Sunday, 28 February 2016

Underground Coal Gasification in the UK ............... and in Derbyshire?

The subject of underground coal gasification came up the other day and I remembered writing about it here: Labour Party Conference 2015 - People , meaning to follow it up but other issues crowded it out. At the conference I spoke to delegates from the North East who warned of the imminent threat of UCG in their area. We spoke of Easington and the fear that a large stretch of coastline could be at risk of subsidence or possible explosion. There is also the possibility of groundwater contamination. This diagram graphically explains the concept:


The Easington coastline is dominated by the coal industry, some of you may remember it in the film "Get Carter" where Michael Caine meets his end in a landscape seemingly drawn from the depths of Dante's imagination. The mine reaches out under the sea but the colliery waste is transported from the pit head to this beach. Deep seam mining is coming to an end in the UK, the industry turning to surface, strip mining production but even that is drawing to a close. Imported coal was promoted by the Thatcher government in the 1980's, partly as a means of completing the onslaught on the NUM (National Union of Mineworkers) but also because it was cheaper and better complied with the emergent environmental legislation which required coal containing lower sulphur.

With the closure of the pits a way of life was lost, the tight knit coal mining communities forced to look elsewhere for work and in some places complete villages being abandoned. The one positive, or so we thought, was that with the demise of coal the amount of pollution that we were pumping into the atmosphere would be significantly cut back and the scars on the landscape would be reclaimed or given back to nature; even the Northumberland coastline. We had not bargained for UCG.

See here: The Hartlepool Mail - government licenses being granted for UCG in East Durham.

But what of Derbyshire? There is a reference to UCG at Newton Spinney (where is that?) but this was an experiment carried out by the NCB in 1950. So there is a tenuous history of UCG in Derbyshire.  See this reference: NCB experiment in Derbyshire 1950. The potential has not gone unnoticed however as this link to the Frack Off website shows. Yes UCG is the evil cousin of fracking and we should be aware of the threat. We know that the Tory government is sympathetic to such exploitation and seemingly unheedful of the dangers. The possibility of UCG licenses being granted in the East Midlands is there with international companies such as Tesla (click on their UCG link) having an office in Alfreton.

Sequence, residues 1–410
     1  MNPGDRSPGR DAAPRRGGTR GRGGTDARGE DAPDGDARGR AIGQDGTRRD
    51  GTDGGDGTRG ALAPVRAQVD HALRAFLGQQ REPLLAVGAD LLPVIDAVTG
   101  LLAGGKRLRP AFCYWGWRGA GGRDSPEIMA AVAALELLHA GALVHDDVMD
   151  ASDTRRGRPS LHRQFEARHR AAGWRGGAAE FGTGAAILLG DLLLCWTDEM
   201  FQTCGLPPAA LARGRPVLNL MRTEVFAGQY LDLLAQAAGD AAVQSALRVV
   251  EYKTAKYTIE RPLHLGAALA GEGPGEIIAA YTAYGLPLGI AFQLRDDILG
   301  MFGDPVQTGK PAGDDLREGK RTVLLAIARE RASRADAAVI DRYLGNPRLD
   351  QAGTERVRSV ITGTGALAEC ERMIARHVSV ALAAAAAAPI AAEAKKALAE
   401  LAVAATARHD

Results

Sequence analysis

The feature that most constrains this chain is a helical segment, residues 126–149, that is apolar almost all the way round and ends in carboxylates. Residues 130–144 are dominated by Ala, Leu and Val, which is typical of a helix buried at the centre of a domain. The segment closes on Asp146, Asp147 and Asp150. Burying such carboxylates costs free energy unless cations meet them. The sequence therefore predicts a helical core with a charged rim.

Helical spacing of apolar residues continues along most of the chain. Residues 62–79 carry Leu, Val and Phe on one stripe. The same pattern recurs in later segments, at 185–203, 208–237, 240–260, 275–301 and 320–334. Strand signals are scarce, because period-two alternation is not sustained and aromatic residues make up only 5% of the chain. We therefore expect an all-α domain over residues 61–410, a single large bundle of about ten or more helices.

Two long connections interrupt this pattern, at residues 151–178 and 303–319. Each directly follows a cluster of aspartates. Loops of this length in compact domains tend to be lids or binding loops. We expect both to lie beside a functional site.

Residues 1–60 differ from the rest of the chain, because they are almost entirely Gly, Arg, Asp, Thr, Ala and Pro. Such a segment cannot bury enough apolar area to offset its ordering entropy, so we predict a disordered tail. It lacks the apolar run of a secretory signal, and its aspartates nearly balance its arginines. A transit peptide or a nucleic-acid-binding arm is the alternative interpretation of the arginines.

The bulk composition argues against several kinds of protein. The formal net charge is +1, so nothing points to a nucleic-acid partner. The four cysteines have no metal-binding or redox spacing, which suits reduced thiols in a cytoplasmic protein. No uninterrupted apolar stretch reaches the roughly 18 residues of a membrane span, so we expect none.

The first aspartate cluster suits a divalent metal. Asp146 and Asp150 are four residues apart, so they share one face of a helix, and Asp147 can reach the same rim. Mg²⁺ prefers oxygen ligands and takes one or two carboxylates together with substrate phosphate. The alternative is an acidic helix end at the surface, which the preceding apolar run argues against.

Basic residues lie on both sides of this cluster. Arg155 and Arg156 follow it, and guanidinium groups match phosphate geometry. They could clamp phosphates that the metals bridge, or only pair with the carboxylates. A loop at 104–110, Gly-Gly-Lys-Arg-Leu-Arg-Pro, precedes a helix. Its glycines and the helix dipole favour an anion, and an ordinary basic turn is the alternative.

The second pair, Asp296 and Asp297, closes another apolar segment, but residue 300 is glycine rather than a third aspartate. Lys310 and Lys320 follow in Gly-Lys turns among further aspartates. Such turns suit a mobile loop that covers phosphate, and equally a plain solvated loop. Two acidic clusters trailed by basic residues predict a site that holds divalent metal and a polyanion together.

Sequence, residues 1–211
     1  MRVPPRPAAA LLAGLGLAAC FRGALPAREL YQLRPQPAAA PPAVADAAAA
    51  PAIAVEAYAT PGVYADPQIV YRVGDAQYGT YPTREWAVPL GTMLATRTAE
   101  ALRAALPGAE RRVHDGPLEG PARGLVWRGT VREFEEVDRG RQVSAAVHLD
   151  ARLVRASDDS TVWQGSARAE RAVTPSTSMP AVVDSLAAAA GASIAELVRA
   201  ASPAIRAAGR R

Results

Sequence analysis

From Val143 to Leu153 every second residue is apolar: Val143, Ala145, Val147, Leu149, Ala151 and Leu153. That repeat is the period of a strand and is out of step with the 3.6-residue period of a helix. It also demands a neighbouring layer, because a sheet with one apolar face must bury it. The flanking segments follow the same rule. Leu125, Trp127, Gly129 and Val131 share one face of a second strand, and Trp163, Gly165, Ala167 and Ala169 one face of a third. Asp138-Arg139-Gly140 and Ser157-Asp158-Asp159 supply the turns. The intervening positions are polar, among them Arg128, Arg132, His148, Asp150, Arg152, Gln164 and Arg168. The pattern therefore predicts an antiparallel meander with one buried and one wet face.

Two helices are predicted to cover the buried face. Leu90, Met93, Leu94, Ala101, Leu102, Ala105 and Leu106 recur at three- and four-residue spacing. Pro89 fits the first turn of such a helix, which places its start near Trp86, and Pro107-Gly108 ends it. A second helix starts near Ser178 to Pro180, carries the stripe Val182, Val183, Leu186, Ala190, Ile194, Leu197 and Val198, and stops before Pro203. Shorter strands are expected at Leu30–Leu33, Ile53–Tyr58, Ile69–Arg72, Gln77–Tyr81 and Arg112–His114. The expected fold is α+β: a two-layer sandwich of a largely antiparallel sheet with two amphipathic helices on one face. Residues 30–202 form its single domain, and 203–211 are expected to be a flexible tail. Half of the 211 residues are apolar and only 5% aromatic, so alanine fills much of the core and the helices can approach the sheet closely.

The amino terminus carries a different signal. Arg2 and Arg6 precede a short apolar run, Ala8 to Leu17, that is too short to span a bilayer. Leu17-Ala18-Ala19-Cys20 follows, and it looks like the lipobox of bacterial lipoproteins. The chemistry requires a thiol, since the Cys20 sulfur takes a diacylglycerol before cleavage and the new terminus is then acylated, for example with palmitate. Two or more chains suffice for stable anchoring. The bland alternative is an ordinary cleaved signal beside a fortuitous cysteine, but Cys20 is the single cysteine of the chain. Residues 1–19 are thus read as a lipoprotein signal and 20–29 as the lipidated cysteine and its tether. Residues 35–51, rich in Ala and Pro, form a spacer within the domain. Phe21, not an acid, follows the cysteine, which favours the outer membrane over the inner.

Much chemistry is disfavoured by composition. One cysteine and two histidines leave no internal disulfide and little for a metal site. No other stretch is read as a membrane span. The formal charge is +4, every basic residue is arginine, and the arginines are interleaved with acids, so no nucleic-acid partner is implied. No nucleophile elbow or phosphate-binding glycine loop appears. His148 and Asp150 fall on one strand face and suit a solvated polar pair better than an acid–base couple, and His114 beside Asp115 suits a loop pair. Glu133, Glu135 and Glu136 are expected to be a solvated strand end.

The Frack Off website mentioned above is well worth exploring if only for their very informative maps. by writing this post there is no desire to be a scaremonger but as we have seen, assurances from Tory politicians that all is well in our county are usually devoid of substance. Who can forget the promise that no fracking would be allowed in national parks only to find out that licenses were being granted for fracking activity based outside NP's would be allowed to bore underneath them. There is no doubt that statements about UCG would be similarly untrustworthy.


Origin - Frack Off  - their website has better definition

As you can see from the accompanying map our region sits on sites designated for potential gasification as the East Midlands sits on some of the richest coal seams in the UK. The potential has not gone unnoticed as this Memorandum of the House of Commons shows. This was submitted by the Department of Energy and Climate change in 2012. It explains the principles behind the various methods of extracting gas from the earth but in this instance it is the accompanying map that is of interest (I'm sorry - yet another map). This shows the status of redundant coal mines, the depth of coal reserves even to the point of highlighting coal mines that could be expected to be suitable for UCG. What is most chilling is the reference to the "14th round of consultation" which the map reproduced below suggest covers what must equate to 60% of the country including all of the East Midlands. More recently Margaret Greenwood MP (Labour) has asked a very pertinent question in Parliament and you can read about it here on her blog: Margaret Greenwood blog. (you need to scan down a bit to find -

Where does the Government stand on underground coal gasification? Margaret Greenwood MP presses Energy Secretary for answers

The energy secretary being of course our old friend Amber Rudd who was featured on this blog here: Tory energy strategy. A definitive list of UCG licenses granted or applied for in the UK appears to be very elusive but if there is a poor demented masochist reading this post who wants to find an activity somewhat akin to sticking pins in your eyes then reference to this government dataset could be useful: Llicence-area-dmt-v1.
Extracted from the House of Commons memorandum

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